Iterative Collaboration at LC Labs

by Jaime Mears

This is the first post in the BloggERS series on Collaborating Beyond the Archival Profession

Four women around a computer, showing the LC Labs homepage
The LC Labs Team – Abigail Potter, Jaime Mears, Meghan Ferriter, Kate Zwaard (left to right)

The LC Labs team works to increase the impact of Library of Congress digital collections. This includes not only the 2,500,000+ items available on loc.gov, but also on-site only content and derivative content, such as our 25 million MARC records. We want to increase the variety of ways users engage with our content, and we get there through experimenting and collaboration, ideally setting up feedback loops whereby the work of our Library of Congress colleagues and our users can inform each other. From hands-on approaches such as crowdsourcing and tutorials for using our loc.gov API, to more traditional avenues into the content such as podcasts, blog posts and works of art, we work with folks to interpret our collections in transformative ways for broader audiences.

Man in front of filing cabinets looks through Stereoscope
Innovator-in-Residence Jer Thorp visits the Library of Congress Prints & Photographs division

Our Innovator in Residence program places an individual from three months to a year with Library of Congress staff and collections to create something inspiring for the public domain. The data artist Jer Thorp is our current innovator, and it’s been a blast over the last couple months showing him what we love about this place. As a part of his residency, Jer is producing a podcast called “Artist in the Archive,” exploring both stories found in our content and the story of the content itself – how it gets here, how it’s maintained, enriched, shared, and listeners get to meet the people doing the work! He’s also exploring Library of Congress data sets (such as using network analysis to identify polymaths in our MARC records), and will create a capstone work.

congressionalchallengeInspired by the National Endowment for the Humanities’ Chronicling America Data Challenge and the excellent work we see coming from the data journalism field to make data meaningful, we are running a Congressional Data Challenge in partnership with the Congressional Research Service. This competition asks participants to leverage legislative data sets on Congress.gov and other platforms to develop digital projects that analyze, interpret or share congressional data in user-friendly ways. Anyone can apply, and we’re even awarding $5000 for the first prize, and $1000 for the best high school class entry! We’ll also work with the winners post-challenge to host their product on our labs site.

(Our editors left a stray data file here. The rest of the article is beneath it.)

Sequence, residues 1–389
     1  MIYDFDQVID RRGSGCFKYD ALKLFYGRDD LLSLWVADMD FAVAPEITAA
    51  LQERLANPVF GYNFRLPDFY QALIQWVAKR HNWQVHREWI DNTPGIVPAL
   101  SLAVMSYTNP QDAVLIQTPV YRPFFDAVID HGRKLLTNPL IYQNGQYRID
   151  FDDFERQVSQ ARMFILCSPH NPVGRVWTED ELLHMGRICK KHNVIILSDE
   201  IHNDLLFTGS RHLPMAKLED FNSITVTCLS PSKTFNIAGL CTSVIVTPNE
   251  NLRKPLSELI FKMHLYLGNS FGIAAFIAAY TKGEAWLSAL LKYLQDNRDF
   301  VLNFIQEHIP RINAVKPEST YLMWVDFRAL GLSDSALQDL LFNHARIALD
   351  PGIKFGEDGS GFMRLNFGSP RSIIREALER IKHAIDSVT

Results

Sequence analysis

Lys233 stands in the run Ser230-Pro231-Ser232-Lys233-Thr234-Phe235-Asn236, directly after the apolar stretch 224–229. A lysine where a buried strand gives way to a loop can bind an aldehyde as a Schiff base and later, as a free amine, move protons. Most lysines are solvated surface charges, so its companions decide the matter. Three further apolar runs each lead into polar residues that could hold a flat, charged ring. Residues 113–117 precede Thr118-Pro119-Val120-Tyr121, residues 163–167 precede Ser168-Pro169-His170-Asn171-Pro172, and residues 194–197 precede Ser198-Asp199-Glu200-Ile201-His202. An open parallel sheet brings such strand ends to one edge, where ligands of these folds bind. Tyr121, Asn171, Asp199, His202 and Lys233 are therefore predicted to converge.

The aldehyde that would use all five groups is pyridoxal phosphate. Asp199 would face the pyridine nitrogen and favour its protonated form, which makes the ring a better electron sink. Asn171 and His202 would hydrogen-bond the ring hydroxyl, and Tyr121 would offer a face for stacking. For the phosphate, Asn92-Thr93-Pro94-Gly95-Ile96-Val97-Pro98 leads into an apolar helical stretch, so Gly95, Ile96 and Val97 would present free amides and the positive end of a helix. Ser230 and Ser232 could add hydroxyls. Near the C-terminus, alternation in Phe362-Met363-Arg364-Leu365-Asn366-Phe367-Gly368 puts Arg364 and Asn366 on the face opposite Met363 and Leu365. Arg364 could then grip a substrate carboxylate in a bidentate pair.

Piloting applications with the public is our most ambitious effort at collaboration to date. Right now, we’re running a crowdsourcing application built on Scribe called Beyond Words, where website visitors can identify, transcribe, or validate images from WWI era historic newspapers in our Chronicling America collection. The beauty of this application is that it also generates a viewable gallery of these images and a public domain data set for download and use in classrooms, research, or perhaps generating further applications. Not only do members of the public contribute to the gallery and data set (we’ve had 2240 volunteers so far and 685 completed images),  but the data we gather from feedback and metrics from Beyond Words users inform application updates and the design of our upcoming transcription platform (stay tuned!).

Events allow us to create dialogues around issues we care about, widen our network of peers, and work closely with new partners. For the past two years, we’ve hosted a Collections as Data annual symposium investigating the computational readiness, impact, and ethics of library content served as data sets.  Upcoming events include leading the local planning committee for Code4Lib 2018 and co-hosting the 2018 International Image Interoperability Framework (IIIF) Conference with the Smithsonian and Folger Shakespeare Library.

To see more of what we’re up to, go to our site at labs.loc.gov and follow us on Twitter @LC-Labs. Let’s work together!


Jaime Mears jame@loc.govJaime Mears is an Innovation Specialist with the National Digital Initiatives Division at the Library of Congress. She is a former National Digital Stewardship Resident and holds an MLS from the University of Maryland.

Advertisements

Leave a Reply

Fill in your details below or click an icon to log in:

WordPress.com Logo

You are commenting using your WordPress.com account. Log Out /  Change )

Google+ photo

You are commenting using your Google+ account. Log Out /  Change )

Twitter picture

You are commenting using your Twitter account. Log Out /  Change )

Facebook photo

You are commenting using your Facebook account. Log Out /  Change )

Connecting to %s